The theatre shooting in Aurora, Colo., instructs us on one possibility. James Holmes' psychiatrist, Dr. Lynne Fenton, was so concerned about her patient that she broke the code between doctor and patient to discuss his case with others and run a criminal check. Her options were limited. One possibility, rarely used, is what is referred to a psychiatric "hold" or a temporary commitment for evaluation. The bar is high for such procedures, as it should be. The patient has to be an "imminent danger" to others, and there needs to be a specific threat. Perhaps we should consider a lower threshold and establish a "hold" for a psychiatric patient to purchase a weapon. Colorado is considering a similar law.
The defenders of the Second Amendment get justifiably nervous when there is discussion of one person restricting the rights of another, but there might be a way to navigate those concerns. If Fenton had that option it's likely James Holmes would have not been able to buy the AR-15 assault rifle he allegedly used in that massacre.
There is much we don't know about the tragedy in Newtown, Conn., and more, likely, that we will never be able to understand. The status of Adam Lanza's mental health is not known, yet but I'm comfortable with the notion that his actions were not those of a rational being.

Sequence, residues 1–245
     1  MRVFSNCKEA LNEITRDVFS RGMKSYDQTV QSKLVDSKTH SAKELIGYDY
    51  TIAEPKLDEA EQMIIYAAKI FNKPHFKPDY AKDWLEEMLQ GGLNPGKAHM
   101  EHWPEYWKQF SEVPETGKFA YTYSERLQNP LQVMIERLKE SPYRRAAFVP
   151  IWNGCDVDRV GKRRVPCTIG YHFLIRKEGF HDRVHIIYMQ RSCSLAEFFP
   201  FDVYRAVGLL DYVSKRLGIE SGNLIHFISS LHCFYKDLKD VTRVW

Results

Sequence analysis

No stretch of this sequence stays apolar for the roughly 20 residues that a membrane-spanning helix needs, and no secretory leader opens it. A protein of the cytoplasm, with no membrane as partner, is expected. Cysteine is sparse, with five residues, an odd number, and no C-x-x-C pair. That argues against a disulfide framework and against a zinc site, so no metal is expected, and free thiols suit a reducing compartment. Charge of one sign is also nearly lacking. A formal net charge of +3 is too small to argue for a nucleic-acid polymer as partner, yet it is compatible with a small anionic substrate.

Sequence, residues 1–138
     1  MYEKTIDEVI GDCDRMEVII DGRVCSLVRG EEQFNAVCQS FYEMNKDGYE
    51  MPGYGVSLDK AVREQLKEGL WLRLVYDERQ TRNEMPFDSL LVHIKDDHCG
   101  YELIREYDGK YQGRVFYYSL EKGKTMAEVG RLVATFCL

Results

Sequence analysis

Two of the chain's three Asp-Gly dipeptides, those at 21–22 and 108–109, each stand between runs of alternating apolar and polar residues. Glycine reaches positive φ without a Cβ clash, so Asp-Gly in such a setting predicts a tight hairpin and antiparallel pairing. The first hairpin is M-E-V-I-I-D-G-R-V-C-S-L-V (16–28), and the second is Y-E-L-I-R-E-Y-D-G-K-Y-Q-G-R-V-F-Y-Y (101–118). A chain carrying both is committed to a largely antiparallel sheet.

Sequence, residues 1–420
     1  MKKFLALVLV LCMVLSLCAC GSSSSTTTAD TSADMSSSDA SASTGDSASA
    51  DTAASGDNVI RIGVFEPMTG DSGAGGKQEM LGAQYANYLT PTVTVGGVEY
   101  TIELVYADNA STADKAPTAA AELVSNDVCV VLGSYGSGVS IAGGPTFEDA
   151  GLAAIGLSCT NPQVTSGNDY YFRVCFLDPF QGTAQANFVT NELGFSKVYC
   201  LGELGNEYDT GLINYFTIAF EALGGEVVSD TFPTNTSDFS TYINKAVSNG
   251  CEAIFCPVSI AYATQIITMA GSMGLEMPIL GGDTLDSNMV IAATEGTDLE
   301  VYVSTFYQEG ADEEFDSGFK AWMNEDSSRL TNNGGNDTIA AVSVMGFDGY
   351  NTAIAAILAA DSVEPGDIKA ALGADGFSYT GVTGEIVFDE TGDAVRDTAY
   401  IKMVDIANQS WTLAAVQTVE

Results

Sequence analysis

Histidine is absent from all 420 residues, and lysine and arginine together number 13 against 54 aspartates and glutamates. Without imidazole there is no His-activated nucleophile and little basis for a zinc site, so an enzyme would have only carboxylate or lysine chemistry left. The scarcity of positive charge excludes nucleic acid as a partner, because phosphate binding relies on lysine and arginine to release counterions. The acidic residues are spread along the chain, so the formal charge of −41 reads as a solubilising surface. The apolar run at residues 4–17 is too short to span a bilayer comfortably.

It's hard to know how this or any other specific incident can be prevented, but it appears to me that one of Fred's three rules was violated -- your weapon is your responsibility. None of the weapons used int he Newtown shootings were registered to Adam Lanza.
Fred is 89, now. I hope he's lived a full and happy life. My classmates have moved on, but for a time, most of us on that island lived in a world without fear. The thought of needing to use a weapon on someone else never occurred to most of us. Since I left the island I've had the privilege of traveling the world with my wife and daughter more than once.
I've found the differences between Americans and others are far less important than those things we share. We've been invited into the homes of many. All were generous to us, fellow travelers on the road to discovery.
There is only one country where that universal sense of hospitality was not offered: here -- my own country.
My wife and I once bicycled across the U.S., and although we were met with characteristic American kindness we were never invited to stay in anyone's home. The reason was obvious to us. Sometimes it was declared, other times understood but not said. People are afraid.